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My Carbs Are Squelching

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Hi All,

I'm wondering if any of you have come across this before.

Firstly a little background. I recently purchased this outstandingly nice silver S3T which is pretty much perfect after a very close shave with an S3T at the extreme opposite end of the spectrum. There is one niggle which I put down to it not being used much recently or maybe old fuel or something. However, a few hundred miles later and it's not gone away.

The symptoms are similar to some of the current threads here, I get what seems to be a misfire particularly under load and very particularly when cool resulting in a juddering loss of power exacerbated by any boost. The problem is apparent at idle where initially from cold the revs sit at 500-600 then brief periods(1-2s) at around 800-900 where the engine sounds 'right', then back down to lower revs. Eventually as everything warms up the higher rev periods last longer and longer then at some point it sits happily at 800. Driving it after this point and everything feels fine - no misfires - though perhaps still some hesitation now and then.

I've checked every connection associated with the ignition and looking back at the history cap/rotor/leads/plugs are very recent, the coil looks a bit old and at some point I need to go round a freshen up some connections but nothing is obviously corroded/oxidised. The fuel pump whizzes away with just a mild change in pitch now and then.

I got a big clue today after starting it and leaning over the engine, I heard what can only be described as a periodic squelching noise from somewhere near the carbs, sounds very much like air being pushed/sucked through a small gap. As it warmed up the squelching gradually went away. At the moment I'm assuming that 'leak' is causing my misfires - Is this reasonable or a red herring?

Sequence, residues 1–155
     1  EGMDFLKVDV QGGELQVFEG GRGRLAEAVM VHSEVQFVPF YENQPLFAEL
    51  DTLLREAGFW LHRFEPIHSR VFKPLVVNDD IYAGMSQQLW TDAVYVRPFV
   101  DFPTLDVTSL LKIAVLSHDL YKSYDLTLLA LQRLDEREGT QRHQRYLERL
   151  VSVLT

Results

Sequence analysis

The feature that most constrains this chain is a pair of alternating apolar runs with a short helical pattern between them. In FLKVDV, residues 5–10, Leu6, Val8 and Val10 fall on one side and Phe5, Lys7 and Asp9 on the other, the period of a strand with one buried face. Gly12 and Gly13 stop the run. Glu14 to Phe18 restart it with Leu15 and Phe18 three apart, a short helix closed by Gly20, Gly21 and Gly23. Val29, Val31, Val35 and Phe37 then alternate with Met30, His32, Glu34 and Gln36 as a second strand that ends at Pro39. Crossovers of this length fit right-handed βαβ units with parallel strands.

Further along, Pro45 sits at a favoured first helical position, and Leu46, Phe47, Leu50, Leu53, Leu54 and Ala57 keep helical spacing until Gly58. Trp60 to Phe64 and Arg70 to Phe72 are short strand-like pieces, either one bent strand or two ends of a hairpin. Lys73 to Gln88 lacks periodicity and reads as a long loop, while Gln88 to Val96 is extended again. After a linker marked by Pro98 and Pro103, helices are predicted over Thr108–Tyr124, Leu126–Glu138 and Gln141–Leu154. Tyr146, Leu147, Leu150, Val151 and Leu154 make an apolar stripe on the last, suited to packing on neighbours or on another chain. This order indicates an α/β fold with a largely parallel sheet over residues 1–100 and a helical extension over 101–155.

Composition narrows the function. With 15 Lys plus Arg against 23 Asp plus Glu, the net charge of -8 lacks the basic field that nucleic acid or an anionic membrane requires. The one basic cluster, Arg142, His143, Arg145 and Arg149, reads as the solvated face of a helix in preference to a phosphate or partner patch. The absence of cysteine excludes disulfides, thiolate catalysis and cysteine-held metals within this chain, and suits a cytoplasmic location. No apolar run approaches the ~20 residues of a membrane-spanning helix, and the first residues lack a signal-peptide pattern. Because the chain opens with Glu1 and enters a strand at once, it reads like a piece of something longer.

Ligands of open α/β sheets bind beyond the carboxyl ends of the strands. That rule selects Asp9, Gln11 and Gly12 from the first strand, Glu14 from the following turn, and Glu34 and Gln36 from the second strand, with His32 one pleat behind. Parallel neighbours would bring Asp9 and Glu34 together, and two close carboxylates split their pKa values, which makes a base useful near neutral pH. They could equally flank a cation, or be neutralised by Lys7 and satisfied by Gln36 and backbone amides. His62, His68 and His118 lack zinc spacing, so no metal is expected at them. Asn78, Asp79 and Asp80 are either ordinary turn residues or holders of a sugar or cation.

I'd appreciate any thoughts you may have

Thanks

Ambrose

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Upgrade today to remove Google ads and support TLF.

Funnily enough I've just developed very similiar on mine. Alongside I'm down on power and backfiring on overun so I suspect a carb air leak.

One other thing though (I've eliminated this on mine thank you Pete G!) could be a sticking choke. With the engine running from cold, play with the choke mechanism at the carbs at the engine bay. If the squelching goes away it's a sticking or badly adjusted choke.


Regards

Mat

post-1-0302470001278592957.jpg

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I had a similar problem years ago, when boosting/under load, the power dropped off and it misfired. I had it tuned etc etc, but it never really cured it. The problem showed itself some months later when the wastegate jammed. After the wastegate was overhauled the problem vanished.

Just a thought.

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Mat,

I also have quite a bit of backfiring on overrun, but I'm not sure what level is 'normal'. I will have a fiddle with the choke assembly, I can remember pulling on the connecting bar then letting it go back to a kind of slack loose position, but Ill pay a bit more attention to it. Do you have the squelching sound too?

Chris,

Is there an easy way to tell if the wastegate is jammed, I assumed since it makes still makes those stuttery horse noises when I change gear enthusiastically it was OK. And did you have the squelchy nose too?

Looking back at the history the carbs and turbo are only about 3 yrs old and the wastegate diphragm was refurbished at the same time. Im wondering if it can be something as simple as the seal on the inlet manifold to the carbs. The manual is quite particular about the spacing at this joint. Im taking it to Gerald Turner on the 5th for a tune and general look over, hopefully he will solve it, and I will mention your experiences to him.

Thanks

Ambrose

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Ambrose,